Why Do You Want to Become an Engineer?

There is a cartoon that tries to explain why one would like to become an engineer appealing to the Bill-Gates-junior-type nerd. Yet I like this cartoon so much, because I sympathize with all of these three roles. I am an experimental physicist and I have been working in R&D and in engineering.

Nevertheless I have also been inclined to philosophy and I was torn between studying physics or phlosophy. I went for physics and then in particular for applied physics reasoning that anything close to engineering will keep career opportunities in the real world intact. Yet I can still think about philosophy in my spare time as an engineer or scientist – I reasoned back then  – but probably not the other way round (this is just a reflection on my rationale, not a general statement).

So in some sense the cartoon is not funny to me as I believe that we need all three perspectives, ideally more than one of them combined in a single person.

But it appears even less funny to me if I truly ask if I try to reduce the cartoon to the non-fun message, that is: Physicists and philosophers explore the foundations of the world, and engineers just utilize their results and make all kinds of stuff just better. Which is lot of fun and propels you back to your childhood world of toys.

Grown up in middle Europe more than twenty years after the end of World War II the world (and every day life) have been filled with that sort of better and better stuff, including plasma TVs, iPhones, and household appliances that will soon connect to the internet and use artificial intelligence to tailor their services to your needs. Adding a trite remark: It is this kind of stuff that is considered too complex by many users.

I once thought my true calling was to unveil the secrets of the universe (as a philosopher or physicist). Later I switched to applied physics, attracted by the cool stuff (lasers in particular). Now I actually think we simply need less stuff – not just nicer user-interfaces to hide complicated technology, but simply less ubiquituous tech stuff. And yes, I am aware of the inconsistency as I am creating this post using nice cool web technology 😉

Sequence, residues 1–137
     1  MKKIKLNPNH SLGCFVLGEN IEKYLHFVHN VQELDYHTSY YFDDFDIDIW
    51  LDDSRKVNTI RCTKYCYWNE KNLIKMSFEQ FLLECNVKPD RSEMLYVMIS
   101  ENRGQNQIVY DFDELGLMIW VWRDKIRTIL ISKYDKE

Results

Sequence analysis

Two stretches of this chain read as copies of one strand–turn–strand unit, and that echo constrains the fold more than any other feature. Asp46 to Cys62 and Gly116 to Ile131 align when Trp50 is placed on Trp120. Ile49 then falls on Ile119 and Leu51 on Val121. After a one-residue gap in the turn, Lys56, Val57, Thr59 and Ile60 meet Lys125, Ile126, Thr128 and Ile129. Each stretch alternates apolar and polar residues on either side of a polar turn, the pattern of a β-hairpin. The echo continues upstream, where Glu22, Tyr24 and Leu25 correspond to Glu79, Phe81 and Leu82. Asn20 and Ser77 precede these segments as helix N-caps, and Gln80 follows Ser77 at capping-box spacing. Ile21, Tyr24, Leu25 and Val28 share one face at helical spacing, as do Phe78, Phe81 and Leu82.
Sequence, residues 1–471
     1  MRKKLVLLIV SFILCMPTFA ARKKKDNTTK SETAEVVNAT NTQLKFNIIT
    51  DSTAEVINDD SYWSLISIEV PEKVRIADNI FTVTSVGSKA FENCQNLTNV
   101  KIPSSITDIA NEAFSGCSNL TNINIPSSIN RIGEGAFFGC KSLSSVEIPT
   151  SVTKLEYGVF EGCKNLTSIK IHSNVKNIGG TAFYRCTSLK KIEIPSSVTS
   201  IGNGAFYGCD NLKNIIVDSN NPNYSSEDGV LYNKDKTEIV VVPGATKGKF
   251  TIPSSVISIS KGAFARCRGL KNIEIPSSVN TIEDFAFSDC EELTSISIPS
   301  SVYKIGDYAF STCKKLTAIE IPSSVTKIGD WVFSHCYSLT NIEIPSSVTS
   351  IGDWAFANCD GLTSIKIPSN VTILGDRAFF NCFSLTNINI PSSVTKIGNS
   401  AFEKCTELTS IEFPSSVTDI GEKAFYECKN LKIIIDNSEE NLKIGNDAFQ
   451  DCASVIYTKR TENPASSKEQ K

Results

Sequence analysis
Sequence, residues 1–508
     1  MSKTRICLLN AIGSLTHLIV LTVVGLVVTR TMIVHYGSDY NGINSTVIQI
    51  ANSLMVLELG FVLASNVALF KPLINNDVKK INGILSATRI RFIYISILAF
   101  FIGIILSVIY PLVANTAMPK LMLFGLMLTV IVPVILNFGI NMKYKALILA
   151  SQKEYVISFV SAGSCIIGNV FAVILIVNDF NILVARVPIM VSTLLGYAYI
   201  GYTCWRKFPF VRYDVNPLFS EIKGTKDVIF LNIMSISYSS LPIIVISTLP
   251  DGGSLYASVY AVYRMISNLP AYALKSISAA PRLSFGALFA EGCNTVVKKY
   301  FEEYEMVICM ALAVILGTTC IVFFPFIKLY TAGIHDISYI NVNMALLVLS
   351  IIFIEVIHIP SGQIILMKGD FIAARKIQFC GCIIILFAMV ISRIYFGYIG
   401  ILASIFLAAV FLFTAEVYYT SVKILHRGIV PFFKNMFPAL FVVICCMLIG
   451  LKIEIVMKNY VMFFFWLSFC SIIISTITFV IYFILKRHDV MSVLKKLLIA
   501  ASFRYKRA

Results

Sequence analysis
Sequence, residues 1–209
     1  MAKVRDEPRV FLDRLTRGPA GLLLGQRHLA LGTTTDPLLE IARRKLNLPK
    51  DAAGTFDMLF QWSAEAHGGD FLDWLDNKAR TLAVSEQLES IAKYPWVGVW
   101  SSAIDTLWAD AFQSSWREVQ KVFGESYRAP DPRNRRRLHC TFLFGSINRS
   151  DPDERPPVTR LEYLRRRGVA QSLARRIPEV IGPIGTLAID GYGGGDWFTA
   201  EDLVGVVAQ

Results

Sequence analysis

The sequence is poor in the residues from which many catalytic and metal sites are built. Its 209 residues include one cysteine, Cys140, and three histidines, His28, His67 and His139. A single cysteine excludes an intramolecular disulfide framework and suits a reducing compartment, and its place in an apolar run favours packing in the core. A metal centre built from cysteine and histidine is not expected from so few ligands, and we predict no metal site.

4 thoughts on “Why Do You Want to Become an Engineer?

  1. Elke, I have enjoyed reading your work and musings. I couldn’t agree more; so much technology anymore is equipped with lots of bells and whistles, but when it comes to the question, “Does it fulfill my needs?”, the answer so often seems to be a resounding, “Sort of.” All of the fancy interface screens, and automatic controls of modern gadgetry, hide the all too often fact that modularity is nonexistent, service is a nightmare, and long term support – unlikely.

    I too wish to build simpler technology, employing electronic control when suitable, but some appliances are not improved by complication, such as a toaster oven with a twitter account.

    My interest is in vapor compression heat pump technology. There is a great deal of room for improvement in that field when one considers the exergy destruction that goes into the manufacture and short lifespan of common household vapor compression machines like refrigerators and heat pumps. I am not a professional engineer like yourself, but I do enjoy designing and building these machines nonetheless. It is comforting to read the works of a well rounded individual like yourself.

    Best Wishes

    • Thanks, Michael! You do awesome work – I enjoy following your blog!

      Yes, such appliances with a Twitter account are pet peeves of mine, too. Like the toothbrush with bluetooth that stores your preferred brushing pattern to the cloud. Having worked in IT security for a long time, I consider the internet of things really scary. As a security guru recently said: Like the computer industry in the 1990s – who will ever patch the software on their cloud-enabled thermostats? (BTW, I have no formal education in IT security, yet did that for such a long time. There I value DIY and self-study – as you practice it – so much!)

      As for life time of heat pumps I believe there is a chance that electronics and ‘smart energy management’ and whatnot will break before the compressor. It’s always electronics breaking first – PV panels will last for decades, but the inverter should be replaced after 10-15 years. I also don’t like that vendors of heating systems or generators try to equip them with full home automation – not only for the security risks, but because software and control that is a blackbox for the user, though it is allegedly simply as you have this nice iPhone app.

      I am just working with off-the-shelf heat pumps – we just designed a special type of heat source and related control. Our clients are quite adventurous in giving that system a try already ;-), so I never considered tinkering with the inner workings of the heat pump. But this is also because I think that in most real-life installations the design of the heat source and the control logic do make such a great difference in performance, so that I am not sure how improvements in the refrigerant cycle would compare.